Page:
I am Korean, which means that I am Asian. And that everyone thinks that I am Chinese.
People have different thoughts and opinions about us Asians. Of course, in there are those who openly joke you about your Asian characteristics, and those who are too “polite” to do so.
I have heard every sterotype that there is for Asians. The squinty eyes, the skill in mathematics, and apparently no skill in driving. I have no idea why that last one is a thing, but I’ve heard it before.
And about the math thing: I am below average at math. Not the type of below average like the average kid. Of course I’m way smarter than that. I mean below average as in Asian average. I see kids who take AP Calculus AB in their sophomore year in high school (my brother). I am no way that good at math.
I’m just a kid who goes along with the math courses that are ordinarily given to the kids in my grade. I just don’t pursue it like other Asians because I am partially lazy and I know that there will always be some other person who is way better than me at that stuff.
One time, a girl who was a grade ahead of me came to me with her math homework and asked me if I knew how to do it. I was so embarrassed when I didn’t know how to do it like my Asian heritage indicated. It was some simple stuff, too. I just don’t like going out of my way just to do math. I’m not that type of Asian.
Anyways, after I moved to Florida, I’ve been hearing a lot less Asian jokes. I used to live in Mississippi, where it was much less liberal and people weren’t shy in voicing their opinions against us minorities. I decided that I liked conservative Mississippi better than liberal Florida because I just don’t like too liberal ideas. But that’s a topic for another time.
That’s pretty much it.
Have a nice day.
Today, I went to the kitchen late at night to get something to eat.
My parents had bought a variety of bagels, and so I picked one that looked okay and tossed it in the toaster.
As the bagel started to heat up, I took a whiff of the aroma coming out of the toaster, and it was horrible.
Continue reading “Smelly Food”
Recently, my phone got messed up in the rain, so I had to go without for a couple of weeks before I got it replaced by warranty.
And as a teenager who’s always on my phone, I came to understand many things over this period of inactivity.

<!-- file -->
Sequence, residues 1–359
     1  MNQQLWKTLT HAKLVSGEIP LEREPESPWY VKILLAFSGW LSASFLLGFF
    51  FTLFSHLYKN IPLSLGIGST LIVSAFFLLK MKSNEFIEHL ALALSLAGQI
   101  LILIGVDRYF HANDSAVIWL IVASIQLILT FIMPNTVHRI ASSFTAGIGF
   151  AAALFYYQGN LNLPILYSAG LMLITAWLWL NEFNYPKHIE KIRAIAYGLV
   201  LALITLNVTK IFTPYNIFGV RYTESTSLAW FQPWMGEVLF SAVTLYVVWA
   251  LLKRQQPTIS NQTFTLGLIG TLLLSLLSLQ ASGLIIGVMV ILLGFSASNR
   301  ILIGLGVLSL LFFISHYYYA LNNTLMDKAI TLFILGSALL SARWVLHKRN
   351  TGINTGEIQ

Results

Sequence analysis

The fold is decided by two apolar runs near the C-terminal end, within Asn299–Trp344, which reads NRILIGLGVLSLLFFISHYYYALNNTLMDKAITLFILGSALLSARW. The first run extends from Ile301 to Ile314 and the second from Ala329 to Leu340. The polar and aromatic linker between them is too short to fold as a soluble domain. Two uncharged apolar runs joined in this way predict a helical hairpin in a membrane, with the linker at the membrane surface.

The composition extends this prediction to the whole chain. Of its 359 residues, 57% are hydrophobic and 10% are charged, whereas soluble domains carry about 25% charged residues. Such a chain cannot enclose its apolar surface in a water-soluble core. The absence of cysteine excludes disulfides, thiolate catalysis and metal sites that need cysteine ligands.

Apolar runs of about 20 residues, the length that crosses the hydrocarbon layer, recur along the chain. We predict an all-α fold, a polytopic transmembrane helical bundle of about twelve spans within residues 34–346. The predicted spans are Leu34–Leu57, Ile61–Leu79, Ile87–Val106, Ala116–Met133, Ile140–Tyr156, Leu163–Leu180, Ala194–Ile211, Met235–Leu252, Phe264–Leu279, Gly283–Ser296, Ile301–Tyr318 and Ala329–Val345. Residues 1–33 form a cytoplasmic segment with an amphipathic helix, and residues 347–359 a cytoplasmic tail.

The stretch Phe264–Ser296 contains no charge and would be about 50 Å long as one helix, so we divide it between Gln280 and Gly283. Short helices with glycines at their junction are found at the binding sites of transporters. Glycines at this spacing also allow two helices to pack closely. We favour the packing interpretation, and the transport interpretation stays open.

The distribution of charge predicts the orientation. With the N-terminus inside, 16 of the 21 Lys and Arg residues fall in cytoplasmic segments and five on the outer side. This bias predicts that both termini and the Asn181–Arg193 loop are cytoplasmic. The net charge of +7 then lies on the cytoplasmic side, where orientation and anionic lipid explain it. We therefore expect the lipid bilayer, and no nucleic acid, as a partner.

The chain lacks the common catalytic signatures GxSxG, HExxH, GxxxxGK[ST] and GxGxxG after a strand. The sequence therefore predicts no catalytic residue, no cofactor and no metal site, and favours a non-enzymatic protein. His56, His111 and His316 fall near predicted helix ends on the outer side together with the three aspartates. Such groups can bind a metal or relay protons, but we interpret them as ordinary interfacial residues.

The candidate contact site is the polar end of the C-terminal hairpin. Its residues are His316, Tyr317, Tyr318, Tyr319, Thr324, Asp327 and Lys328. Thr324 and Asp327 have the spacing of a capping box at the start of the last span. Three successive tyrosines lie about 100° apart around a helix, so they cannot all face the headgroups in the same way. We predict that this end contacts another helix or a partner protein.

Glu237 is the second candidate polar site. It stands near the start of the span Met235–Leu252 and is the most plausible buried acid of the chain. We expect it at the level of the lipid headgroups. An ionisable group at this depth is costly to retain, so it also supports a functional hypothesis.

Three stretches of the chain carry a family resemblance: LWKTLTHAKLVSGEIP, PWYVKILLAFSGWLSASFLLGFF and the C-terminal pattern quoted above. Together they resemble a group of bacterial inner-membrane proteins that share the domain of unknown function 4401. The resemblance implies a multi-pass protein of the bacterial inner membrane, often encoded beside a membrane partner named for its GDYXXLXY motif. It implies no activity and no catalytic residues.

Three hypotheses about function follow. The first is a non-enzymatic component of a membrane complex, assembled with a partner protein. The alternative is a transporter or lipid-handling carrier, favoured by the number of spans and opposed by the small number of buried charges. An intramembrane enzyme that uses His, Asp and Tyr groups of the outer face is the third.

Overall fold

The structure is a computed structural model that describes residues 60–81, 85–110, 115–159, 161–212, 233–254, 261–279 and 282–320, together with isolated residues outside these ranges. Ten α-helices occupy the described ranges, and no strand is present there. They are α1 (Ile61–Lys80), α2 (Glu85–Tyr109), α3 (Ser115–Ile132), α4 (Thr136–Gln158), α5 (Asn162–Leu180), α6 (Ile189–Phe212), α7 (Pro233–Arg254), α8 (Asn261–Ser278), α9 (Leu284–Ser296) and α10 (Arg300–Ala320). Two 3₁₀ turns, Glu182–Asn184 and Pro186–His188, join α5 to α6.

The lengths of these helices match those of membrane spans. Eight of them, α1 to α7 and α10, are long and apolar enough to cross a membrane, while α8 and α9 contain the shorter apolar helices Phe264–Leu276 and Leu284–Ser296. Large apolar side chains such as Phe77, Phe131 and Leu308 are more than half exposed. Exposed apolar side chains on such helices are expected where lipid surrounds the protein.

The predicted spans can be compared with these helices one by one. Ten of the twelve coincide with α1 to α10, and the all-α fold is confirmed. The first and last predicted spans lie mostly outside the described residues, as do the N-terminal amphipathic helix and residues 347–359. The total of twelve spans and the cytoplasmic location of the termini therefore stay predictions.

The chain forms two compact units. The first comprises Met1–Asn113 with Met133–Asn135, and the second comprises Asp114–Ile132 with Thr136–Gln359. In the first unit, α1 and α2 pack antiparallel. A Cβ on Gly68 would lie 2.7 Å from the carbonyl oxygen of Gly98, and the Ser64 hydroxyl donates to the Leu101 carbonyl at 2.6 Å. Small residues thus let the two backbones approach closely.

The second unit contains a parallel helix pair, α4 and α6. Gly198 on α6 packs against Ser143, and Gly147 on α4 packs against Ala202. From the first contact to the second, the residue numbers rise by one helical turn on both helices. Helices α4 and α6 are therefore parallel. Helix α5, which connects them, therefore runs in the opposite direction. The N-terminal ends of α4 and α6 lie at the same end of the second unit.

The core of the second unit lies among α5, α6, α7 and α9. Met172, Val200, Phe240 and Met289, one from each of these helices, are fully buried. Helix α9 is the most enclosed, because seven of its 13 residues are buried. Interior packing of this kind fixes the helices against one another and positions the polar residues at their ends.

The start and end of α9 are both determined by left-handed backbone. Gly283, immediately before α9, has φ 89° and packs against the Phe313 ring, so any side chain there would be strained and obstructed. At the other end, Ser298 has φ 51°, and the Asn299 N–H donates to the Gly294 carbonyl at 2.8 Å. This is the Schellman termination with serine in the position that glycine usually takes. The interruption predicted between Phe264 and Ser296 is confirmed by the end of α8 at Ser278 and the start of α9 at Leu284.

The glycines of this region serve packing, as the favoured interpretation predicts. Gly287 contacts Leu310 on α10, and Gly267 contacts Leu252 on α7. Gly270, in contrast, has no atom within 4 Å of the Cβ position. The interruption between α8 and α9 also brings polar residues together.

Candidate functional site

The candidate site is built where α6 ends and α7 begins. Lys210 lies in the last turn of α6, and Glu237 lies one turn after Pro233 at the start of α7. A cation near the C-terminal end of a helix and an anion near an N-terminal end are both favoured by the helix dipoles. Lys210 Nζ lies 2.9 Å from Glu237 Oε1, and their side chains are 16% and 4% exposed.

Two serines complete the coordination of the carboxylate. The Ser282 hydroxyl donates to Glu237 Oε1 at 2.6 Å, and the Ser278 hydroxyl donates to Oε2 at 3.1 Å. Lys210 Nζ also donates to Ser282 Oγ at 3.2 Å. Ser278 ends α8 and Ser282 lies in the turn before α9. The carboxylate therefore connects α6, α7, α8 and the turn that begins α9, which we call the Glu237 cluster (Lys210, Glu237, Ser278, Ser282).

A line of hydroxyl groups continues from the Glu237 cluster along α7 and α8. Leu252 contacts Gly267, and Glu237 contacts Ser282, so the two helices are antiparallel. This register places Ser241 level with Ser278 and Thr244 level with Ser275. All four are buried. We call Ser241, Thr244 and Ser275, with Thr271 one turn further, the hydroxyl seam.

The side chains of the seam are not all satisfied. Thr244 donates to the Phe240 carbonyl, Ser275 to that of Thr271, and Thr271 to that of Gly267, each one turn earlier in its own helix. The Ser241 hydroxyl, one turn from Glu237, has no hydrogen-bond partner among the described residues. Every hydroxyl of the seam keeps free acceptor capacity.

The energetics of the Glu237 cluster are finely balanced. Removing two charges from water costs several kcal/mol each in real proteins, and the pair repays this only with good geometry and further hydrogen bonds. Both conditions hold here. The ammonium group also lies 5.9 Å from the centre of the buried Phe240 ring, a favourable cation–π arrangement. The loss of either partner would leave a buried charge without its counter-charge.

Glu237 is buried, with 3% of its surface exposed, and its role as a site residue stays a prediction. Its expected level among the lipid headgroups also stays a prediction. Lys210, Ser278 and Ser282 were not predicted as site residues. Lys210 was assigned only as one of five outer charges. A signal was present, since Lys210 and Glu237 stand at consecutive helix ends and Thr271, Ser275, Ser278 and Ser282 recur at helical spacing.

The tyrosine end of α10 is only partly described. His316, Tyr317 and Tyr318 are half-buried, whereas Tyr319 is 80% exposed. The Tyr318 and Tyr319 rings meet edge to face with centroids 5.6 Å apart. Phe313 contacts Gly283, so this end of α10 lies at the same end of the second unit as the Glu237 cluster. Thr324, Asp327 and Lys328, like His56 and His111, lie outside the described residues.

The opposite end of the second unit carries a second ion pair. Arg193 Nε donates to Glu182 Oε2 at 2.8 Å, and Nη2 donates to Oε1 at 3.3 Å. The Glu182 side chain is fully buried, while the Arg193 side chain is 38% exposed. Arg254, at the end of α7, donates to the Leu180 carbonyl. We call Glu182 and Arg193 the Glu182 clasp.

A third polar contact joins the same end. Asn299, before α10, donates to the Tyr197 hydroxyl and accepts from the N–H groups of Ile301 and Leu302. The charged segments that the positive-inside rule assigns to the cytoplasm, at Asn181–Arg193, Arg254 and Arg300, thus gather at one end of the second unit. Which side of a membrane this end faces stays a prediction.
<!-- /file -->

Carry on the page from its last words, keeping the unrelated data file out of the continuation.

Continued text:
Continue reading “Phones”
One of the great satisfactions in life is when you snap a pair of wooden chopsticks in half and it splits perfectly.
One of the greatest OCD inducing frustrations in life is when you snap a pair of wooden chopsticks in half and it splits irregularly.
As our family is on vacation, we move from hotel to hotel as we travel.
Today, we came to a hotel with little time to spare, as my brother wanted to go watch a soccer game.
The name of the hotel is Extended Stay America, and we pulled up to the first hotel with that name in the area. We went inside, but it turned out the Extended Stay America hotel room we had reserved was down the street somewhere.
Continue reading “Hotel Confusion”
Why is a bus flat in the front?
Wouldn’t it be better aerodynamically if buses had a rounded front like all other cars? It would just cost more money for the gas because of the air resistance created by the flat front.
What I thought was that a flat front would, first of all, make the bus shorter, making it easier for it to turn. Also, it would probably help in the city because sometimes you have to get really close to other cars, and it would be better for a bus to have a flat front to scrape by them.
Would love to hear your thoughts.
I would like to start off by saying Korean bread that you buy on the streets is infinitely better than the crap that Americans sell.
I am Korean, but I have lived in America for most of my life (since I was 2). I always lived mostly in the rural regions, so we didn’t have many Korean markets/restaurants around us. So when we go somewhere that has a lot of Korean people/markets, we tend to buy a crapload of stuff to take back.
Continue reading “Korean Bread vs. American Bread”